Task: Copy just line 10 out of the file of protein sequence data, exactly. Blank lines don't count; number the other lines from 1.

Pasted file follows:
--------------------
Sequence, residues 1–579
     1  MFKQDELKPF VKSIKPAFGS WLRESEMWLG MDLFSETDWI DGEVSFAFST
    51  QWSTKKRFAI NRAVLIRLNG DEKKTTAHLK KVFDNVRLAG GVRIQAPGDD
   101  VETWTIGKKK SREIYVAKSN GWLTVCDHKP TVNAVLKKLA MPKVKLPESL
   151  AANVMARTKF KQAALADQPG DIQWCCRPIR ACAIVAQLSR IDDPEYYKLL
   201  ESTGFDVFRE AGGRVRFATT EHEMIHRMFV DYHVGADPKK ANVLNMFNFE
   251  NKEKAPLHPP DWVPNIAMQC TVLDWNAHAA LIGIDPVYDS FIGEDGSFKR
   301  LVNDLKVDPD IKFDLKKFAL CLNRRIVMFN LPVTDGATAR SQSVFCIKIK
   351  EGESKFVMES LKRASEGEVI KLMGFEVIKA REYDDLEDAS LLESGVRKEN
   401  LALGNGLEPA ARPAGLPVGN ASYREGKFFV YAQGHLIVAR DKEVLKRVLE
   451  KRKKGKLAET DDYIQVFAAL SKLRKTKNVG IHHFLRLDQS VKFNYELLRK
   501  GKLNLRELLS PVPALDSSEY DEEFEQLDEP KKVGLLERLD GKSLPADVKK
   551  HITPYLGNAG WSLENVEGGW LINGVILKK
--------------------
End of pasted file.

   401  LALGNGLEPA ARPAGLPVGN ASYREGKFFV YAQGHLIVAR DKEVLKRVLE